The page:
https://indiantribalheritage.org/?p=10151

“The passage of the Scheduled Tribes and other Forest Dwellers (Recognition of Forest Rights) Act (2006), recognizing both the individual and community rights over forest and forest resources is an attempt to redress the “historical injustice” meted out to [200 million] tribals and OTFDs [other forest dwelling communities].” – Research team (Sayantani Satpathi, Shambhavi Singh & Subhodeep Basu) in “Revisiting the Forest Rights Act: Status of Implementation with respect to Land Tenures and Collection of Minor Forest Produce), Bharat Rural Livelihoods Foundation (New Delhi, 12 July 2019)
https://www.academia.edu/41756309
https://indiantribalheritage.org/?p=10151

“Under the [FRA] law, forest dwellers can apply to state governments for either individual or community forest rights – which means they can take ownership of the process of protecting and conserving forests in their areas. They can also gather and sell minor forest produce such as tendu leaves or bamboo, which was an illegal activity before the law was enacted. However, states have not been particularly proactive about implementing these rights. [E]ven as Maharashtra is foremost in implementing community forest rights, it is also slowly attempting to reverse this with new forms of forest management.” – Mridula Chari in (Scroll.in, 9 July 2017)
https://scroll.in/article/843046/ten-years-of-forest-rights-act-maharashtra-tops-in-implementation-but-credit-goes-to-one-district
https://indiantribalheritage.org/?p=23920

“The Act makes concrete provisions to allow adivasis to enter the forest and continue using forest produce, on which they have depended for generations [like] the basket that was once woven in bamboo that was collected from the forest is now being replaced by plastic ones bought from the market.” – Priyashri Mani in “Home is where the forest is”, illustrated story for Accord (Gudalur)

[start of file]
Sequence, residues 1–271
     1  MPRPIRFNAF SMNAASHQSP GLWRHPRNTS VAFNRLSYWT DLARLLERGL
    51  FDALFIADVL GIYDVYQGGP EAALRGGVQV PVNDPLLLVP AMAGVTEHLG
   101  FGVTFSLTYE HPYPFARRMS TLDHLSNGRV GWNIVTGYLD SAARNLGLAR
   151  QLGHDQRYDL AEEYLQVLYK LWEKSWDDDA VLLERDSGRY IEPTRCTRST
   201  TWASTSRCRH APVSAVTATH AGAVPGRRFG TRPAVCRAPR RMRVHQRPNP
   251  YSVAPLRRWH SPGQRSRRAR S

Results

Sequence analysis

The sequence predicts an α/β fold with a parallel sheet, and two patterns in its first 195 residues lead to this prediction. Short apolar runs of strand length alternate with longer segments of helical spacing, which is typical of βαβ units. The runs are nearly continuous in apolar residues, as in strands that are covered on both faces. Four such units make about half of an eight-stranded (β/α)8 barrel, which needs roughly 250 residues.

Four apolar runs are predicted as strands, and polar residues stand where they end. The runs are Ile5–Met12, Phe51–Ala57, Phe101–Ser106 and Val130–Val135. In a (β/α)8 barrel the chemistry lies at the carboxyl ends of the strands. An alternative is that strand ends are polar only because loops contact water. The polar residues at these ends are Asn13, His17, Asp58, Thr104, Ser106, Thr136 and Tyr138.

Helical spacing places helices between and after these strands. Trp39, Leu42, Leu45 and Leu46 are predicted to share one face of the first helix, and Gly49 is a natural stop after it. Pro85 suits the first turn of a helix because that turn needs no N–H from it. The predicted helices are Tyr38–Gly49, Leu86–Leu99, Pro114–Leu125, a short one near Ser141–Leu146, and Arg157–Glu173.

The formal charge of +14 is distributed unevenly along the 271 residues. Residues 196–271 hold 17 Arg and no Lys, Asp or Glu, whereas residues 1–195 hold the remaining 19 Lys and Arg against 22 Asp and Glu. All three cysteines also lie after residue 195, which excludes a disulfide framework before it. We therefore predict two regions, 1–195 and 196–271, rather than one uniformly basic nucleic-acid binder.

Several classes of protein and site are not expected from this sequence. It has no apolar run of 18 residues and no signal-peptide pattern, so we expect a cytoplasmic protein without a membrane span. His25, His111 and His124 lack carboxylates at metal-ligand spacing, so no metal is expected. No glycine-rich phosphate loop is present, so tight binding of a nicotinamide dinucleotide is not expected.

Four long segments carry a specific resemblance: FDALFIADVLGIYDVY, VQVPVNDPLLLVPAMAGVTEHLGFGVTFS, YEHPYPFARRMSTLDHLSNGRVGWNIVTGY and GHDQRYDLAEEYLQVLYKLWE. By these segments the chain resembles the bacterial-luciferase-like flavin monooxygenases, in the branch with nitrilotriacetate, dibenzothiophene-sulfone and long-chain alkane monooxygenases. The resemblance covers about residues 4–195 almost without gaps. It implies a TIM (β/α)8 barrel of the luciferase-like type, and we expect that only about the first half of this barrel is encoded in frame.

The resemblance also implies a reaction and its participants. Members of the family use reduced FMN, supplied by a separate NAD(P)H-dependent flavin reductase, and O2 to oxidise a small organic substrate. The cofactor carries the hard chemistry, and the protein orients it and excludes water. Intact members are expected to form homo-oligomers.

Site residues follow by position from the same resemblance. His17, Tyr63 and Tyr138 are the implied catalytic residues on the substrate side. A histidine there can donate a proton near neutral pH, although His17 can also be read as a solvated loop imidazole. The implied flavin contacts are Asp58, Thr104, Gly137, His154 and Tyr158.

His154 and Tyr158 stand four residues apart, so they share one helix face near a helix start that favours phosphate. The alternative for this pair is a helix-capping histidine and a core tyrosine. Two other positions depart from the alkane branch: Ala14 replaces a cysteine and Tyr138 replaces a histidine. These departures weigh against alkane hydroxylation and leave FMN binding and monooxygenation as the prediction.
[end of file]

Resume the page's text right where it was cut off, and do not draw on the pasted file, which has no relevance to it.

https://cultureandconservation.wordpress.com/2013/08/29/home-is-where-the-forest-is/
https://indiantribalheritage.org/?p=12436

“There are three important stakeholders on whom rests the successful implementation of the Act [Forest Rights Act (2006)]. This includes the Gram Sabha itself, the Forest Department and the Ministry of Tribal Affairs (Tribal Department in various states); the Tribal Departments are the nodal agencies responsible for the implementation of the Act. Revenue officers at the District and Block level also have a role to play in the finalization of titles, making changes in the official revenue maps etc. Apart from this an institutional framework has been created at different levels of checks and balances, management and redressed structures from the village to the state level. This involves the Forest Rights Committee at the village level, the Sub-Divisional and District level Committees and a final appellate authority of the State Level Monitoring Committee.” – Rebecca S . David in “An analysis of the impact of the Forest Rights Act (2006) in three states of India” (MPhil University of Cambridge, UK, 2014), p. 1